blown sonic maelstrom of guitar wonder, all backed by a tremendously
solid rhythm section. At no point are the guitars over-done, or stepping
on each other. There is a precious space within the vortex of sound
that allows everything to breathe nicely and interact magically with
the other instruments, and especially with Ottoway's vocals. The turnarounds
on "In The Clouds" are saturated in late 1980's melodic
leanings, pulling the song in a direction fairly unexpected. In between
guitar bursts that are as beautiful as anything The Catherine Wheel
ever played, there is a melancholic sweetness as Ottoway reaches into
his higher register to find a clearer singing path, reminding this
set of ears of a very late '80's voice that I can't quite place. Side
A (more LP lingo) finishes up with another rocker, "Vertigo".
This song has the drive and push and spirit and grit of BRMC, and
really shows Parker's hand in things. The band digs into a slower,
bluesier groove, working in more subtle dynamic touches as the music
ebbs and flows, waves of sound fading out and then exploding back
in as if for the kill.
Side B has a little different spirit as it begins with a slower,
dirge-heavy track ("Psychopomps") that leads into the almost-poppy
"Take The Sun", a track with a brilliant melody line that
lilts beautifully among the battling guitars. The guitars in "Who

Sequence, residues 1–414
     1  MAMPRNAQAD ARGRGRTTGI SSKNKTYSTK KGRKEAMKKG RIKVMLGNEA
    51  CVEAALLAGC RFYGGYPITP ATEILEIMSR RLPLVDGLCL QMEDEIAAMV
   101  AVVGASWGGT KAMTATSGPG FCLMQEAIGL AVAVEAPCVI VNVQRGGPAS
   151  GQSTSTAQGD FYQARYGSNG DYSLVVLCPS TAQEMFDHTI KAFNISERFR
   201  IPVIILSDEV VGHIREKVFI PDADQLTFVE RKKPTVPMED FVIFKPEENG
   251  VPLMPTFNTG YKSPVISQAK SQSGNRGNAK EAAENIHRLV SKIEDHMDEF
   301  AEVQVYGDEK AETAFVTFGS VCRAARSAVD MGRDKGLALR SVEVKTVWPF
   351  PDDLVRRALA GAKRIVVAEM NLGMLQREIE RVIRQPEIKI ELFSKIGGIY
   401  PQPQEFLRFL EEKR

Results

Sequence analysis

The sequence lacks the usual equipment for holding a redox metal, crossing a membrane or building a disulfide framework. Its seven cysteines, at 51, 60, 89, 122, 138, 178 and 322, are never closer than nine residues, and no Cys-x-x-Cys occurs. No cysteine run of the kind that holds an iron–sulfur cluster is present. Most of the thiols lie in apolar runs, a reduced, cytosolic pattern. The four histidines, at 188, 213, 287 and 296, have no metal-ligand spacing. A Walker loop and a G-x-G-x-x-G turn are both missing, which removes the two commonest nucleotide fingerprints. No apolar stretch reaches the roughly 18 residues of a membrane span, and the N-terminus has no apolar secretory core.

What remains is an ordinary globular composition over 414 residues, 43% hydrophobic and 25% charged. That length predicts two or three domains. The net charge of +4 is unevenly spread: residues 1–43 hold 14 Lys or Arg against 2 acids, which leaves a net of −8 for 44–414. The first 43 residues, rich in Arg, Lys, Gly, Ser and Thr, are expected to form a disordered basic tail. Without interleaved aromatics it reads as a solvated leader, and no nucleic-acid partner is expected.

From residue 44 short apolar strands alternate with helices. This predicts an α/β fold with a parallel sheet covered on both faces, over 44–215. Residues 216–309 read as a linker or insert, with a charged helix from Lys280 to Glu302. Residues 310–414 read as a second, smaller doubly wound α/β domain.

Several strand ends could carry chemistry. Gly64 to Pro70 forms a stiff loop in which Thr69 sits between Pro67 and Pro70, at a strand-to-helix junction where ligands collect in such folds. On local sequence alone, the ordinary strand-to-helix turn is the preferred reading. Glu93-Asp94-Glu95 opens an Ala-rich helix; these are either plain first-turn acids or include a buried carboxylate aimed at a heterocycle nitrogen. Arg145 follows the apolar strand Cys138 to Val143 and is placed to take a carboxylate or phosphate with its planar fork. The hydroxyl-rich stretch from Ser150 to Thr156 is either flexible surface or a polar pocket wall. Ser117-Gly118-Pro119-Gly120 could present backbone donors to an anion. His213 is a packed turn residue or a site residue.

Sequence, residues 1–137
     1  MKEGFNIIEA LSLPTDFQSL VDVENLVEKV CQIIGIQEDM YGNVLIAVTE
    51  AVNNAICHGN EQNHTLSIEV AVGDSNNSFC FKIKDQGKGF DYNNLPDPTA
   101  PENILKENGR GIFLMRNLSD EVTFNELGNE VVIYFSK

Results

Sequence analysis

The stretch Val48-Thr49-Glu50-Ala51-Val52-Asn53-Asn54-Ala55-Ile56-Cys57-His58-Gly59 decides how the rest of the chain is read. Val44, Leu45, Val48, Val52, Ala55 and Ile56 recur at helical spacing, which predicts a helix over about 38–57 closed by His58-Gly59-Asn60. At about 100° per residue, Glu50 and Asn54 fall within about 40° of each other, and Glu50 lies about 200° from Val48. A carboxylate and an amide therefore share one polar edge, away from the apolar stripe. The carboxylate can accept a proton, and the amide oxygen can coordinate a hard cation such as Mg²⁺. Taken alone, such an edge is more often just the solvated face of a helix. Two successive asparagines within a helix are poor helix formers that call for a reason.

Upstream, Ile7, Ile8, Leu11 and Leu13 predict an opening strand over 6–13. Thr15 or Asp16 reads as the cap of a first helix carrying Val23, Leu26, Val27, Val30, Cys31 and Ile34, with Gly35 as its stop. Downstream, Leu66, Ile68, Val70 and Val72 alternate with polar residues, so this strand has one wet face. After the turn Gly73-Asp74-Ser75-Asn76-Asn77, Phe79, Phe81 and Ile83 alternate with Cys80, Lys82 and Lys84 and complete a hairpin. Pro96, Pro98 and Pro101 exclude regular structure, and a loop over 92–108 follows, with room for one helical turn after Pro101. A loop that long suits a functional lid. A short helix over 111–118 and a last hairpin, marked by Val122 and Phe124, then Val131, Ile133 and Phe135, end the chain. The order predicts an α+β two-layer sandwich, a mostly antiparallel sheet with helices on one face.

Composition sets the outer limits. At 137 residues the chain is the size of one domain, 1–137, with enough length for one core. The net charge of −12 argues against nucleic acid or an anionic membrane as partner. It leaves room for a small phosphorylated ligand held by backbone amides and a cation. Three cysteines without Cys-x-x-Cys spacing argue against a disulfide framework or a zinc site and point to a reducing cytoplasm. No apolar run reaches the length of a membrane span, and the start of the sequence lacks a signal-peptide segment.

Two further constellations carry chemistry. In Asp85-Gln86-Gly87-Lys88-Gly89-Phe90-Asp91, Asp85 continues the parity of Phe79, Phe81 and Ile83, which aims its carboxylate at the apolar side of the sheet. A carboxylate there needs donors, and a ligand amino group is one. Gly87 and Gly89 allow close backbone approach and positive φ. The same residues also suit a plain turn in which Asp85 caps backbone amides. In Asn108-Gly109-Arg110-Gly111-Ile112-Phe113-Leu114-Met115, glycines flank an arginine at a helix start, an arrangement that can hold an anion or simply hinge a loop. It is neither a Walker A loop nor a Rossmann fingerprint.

Do You Think You Aren't" have a much more mid-90's flavor, recalling
Twice Wilted's unique voice, as the drums rely more on toms and move
in and out of crashing waves of sound. This is where the band's sound
becomes much more cinemagraphic, realizing a sound that is as visual
as it is auditory, filled with brilliant colors and swirling patterns.
"Conjure" is the slowest track on the LP, taking the tempo
down a notch and trading a bit of overt power for atmosphere. The
guitars are gritty and spend their time moving back and forth as the
crescendo builds to when the song finally breaks free. Closing side
B is the powerful "The Tide", a song that is as deliberate
and as spooky as it is beautiful. The song rides a wave of bass guitar
and solid drumming, the guitars working in and out, twisting melodies
into buzzsaw grinds and feedback-heavy drones as Ottoway's voice breaks
through the morass to punctuate the changes.
However, all of this great music might not have even been reached
without the opening album track "Kiss Of Sister Ray". The
first thing you hear when the needle lands on The Whole Sea Is
Raging is the steadfast and puissant drumming of Erin Tidwell.
Then launch the dueling guitars and throbbing bass before Ottoway
lays in with his vocals, completing the brilliant torrent of sound.
An excellent start to what turns out to be a really, really fine record.
The Whole Sea Is Raging is probably one of the finest records
to ever come out of the Denver area
if not the finest.
One of the greatest things about record albums, other than their
sound and vibe, is their length. A vinyl album never overstays its
welcome and oftentimes, such as this, it leaves far too soon. Nine
songs and roughly 34 minutes makes for a great album length, but when
the needle came off of side two of The Whole Sea Is Raging,
it definitely left me wanting for more. Perhaps a double album next
time would be just about right
All you kids go out and find a turntable and the new Overcasters
record and see just how great your musical life can be.